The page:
The ink wasn’t dry on COP21 when…

Written By: - Date published: 12:36 pm, December 17th, 2015 - 11 comments
Categories: accountability, climate change, global warming - Tags: , , ,

Here’s the Green’s press release…

11 comments on “The ink wasn’t dry on COP21 when…”

  1. Bill 1

    (The government) couldn’t even wait a week after world leaders agreed on a plan to stop climate change…

    What plan was that? There was and is no plan. Paris amounted to a PR exercise in the end. Nothing that came from it is based on the available science.

    Humanity cannot limit warming to 1.5 degrees. Neither can we limit warming to 2 degrees (okay – there is a very slim chance on that front if we act now [yesterday], but since Paris pushed everything back to 2020….)

    My point is that there can only be hypocrisy where acts fail to marry up to words, but since the the words spoken and signed up to in Paris were meaningless…

    • Tracey 1.1

      My impression is they agreed to meet in a few years to see if anyone did anything…

      • Bill 1.1.1

        That’d be the 21st time they’ve come up with that devastatingly effective course of action, yes? It’s worked wonders so far.

        • Tracey

          Oh yes. What they seem to agree is they have to pretend to have agreed something so they can be unfettered at home from doing what has always been done.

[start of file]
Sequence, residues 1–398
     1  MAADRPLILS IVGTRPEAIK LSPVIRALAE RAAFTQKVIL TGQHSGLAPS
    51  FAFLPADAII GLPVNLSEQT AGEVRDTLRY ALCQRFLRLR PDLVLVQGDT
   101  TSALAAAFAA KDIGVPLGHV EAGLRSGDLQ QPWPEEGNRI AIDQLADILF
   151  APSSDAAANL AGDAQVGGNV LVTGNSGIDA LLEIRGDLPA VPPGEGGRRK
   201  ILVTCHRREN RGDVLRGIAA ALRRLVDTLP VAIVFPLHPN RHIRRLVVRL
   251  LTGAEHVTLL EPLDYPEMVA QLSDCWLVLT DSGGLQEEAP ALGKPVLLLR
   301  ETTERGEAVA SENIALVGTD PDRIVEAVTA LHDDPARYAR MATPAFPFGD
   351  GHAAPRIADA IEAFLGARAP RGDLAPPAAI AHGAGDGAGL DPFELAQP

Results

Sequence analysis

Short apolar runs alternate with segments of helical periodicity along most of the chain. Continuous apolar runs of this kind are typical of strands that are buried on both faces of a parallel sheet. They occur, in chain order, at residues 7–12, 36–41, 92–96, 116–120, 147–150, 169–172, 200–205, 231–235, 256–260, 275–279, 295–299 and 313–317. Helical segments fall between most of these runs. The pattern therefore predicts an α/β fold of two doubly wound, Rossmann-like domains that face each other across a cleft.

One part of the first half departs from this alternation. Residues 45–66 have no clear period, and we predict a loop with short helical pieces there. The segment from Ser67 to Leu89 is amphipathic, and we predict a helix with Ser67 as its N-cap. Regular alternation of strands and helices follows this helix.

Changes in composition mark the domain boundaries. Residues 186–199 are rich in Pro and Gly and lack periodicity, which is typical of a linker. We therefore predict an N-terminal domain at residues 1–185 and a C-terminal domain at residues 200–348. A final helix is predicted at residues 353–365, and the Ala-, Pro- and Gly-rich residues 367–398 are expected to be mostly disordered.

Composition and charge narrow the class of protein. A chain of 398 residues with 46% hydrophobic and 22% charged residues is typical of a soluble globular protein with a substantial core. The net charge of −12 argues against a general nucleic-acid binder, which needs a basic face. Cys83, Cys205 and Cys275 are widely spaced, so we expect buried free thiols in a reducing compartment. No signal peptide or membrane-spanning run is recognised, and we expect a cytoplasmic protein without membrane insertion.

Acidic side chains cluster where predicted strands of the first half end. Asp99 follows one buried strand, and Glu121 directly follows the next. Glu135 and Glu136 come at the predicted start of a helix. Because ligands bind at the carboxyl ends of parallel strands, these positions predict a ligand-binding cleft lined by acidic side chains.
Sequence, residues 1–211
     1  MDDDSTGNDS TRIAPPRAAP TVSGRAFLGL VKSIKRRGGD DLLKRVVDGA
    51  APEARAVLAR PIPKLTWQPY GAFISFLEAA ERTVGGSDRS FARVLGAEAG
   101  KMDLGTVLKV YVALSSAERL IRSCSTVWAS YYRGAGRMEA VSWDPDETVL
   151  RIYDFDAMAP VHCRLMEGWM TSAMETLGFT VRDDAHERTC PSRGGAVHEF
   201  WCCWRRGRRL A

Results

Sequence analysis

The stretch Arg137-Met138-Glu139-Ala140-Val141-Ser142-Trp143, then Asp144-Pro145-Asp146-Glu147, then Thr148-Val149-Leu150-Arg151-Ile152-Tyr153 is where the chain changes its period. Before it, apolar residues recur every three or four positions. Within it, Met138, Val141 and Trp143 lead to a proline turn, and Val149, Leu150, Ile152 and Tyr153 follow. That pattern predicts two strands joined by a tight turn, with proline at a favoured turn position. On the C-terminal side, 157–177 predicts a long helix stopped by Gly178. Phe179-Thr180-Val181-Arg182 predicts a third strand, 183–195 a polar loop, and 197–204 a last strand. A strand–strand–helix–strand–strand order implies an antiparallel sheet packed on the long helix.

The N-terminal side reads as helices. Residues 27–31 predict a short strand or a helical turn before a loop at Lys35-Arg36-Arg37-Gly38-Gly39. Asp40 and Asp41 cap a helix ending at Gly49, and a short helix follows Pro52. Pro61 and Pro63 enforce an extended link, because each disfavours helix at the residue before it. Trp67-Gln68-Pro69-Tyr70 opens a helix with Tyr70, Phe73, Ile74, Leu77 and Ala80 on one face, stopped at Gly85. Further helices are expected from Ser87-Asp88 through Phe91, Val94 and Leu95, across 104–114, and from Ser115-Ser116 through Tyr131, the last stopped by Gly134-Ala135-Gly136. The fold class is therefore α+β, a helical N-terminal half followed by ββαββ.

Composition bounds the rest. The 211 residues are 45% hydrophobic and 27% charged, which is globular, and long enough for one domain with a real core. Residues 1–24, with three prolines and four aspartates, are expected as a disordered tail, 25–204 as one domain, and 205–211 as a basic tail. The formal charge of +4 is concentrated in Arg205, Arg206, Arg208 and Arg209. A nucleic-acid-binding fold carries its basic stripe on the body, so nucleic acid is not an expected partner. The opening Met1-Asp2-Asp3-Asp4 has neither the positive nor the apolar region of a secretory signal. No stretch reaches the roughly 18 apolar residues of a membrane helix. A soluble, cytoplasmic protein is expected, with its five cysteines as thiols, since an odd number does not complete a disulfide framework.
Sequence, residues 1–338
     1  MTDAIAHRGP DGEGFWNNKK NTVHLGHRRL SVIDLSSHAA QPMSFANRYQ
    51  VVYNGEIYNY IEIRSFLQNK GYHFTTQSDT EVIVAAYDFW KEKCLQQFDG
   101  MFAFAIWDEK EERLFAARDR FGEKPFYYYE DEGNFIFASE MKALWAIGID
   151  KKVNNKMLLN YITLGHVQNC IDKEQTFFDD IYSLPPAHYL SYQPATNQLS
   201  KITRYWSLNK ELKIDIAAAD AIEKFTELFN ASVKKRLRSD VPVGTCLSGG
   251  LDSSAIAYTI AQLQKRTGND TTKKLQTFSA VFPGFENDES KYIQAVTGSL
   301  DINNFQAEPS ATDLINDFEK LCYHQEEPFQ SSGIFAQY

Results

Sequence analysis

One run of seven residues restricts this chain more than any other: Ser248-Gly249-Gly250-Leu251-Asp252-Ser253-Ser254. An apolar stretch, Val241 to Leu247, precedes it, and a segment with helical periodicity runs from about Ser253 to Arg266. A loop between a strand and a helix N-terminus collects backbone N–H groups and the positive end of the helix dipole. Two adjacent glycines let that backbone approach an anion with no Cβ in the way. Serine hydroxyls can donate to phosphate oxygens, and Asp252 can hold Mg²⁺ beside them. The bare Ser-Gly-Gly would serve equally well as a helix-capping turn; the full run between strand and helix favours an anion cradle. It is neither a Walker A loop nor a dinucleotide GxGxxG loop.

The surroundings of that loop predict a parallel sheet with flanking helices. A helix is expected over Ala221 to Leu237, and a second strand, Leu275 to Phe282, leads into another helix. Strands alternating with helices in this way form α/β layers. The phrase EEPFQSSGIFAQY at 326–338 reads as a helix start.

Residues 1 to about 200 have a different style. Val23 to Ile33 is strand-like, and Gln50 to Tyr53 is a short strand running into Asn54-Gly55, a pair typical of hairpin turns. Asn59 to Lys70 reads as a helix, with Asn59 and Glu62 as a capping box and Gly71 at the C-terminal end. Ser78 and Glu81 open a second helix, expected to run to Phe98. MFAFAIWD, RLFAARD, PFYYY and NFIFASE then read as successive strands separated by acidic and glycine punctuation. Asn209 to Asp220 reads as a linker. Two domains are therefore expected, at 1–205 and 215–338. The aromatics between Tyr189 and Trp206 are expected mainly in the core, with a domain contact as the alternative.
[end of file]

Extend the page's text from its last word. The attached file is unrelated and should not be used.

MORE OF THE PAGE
2. Manuka AOR 3

    Just days after signing, “Nine new oil and gas exploration permits have been granted…

    “The permits in Block Offer 2015 went to Singapore-based Mont D’Or Resources, Austrian company OMV and New Zealand’s Todd and Petrochem.”

  3. This is terrible – if you look at one of the areas – we are talking about the top of the south, namely Golden Bay and Tasman Bay out to Durville. This is an amazingly beautiful, culturally rich area, within which sits the Able Tasman National Park, Onetahua (Farewell Spit) the amazing nature reserve, home to many international wading birds and scarce endemic bird species – not to mention the other countless areas worthy of protection. The first stage of putting these areas at risk is this one, I hope we can stop this before it starts.

    • David 4.1

      With oil at $36/barrel, no one is ever going to seriously explore these blocks, let alone go into production.

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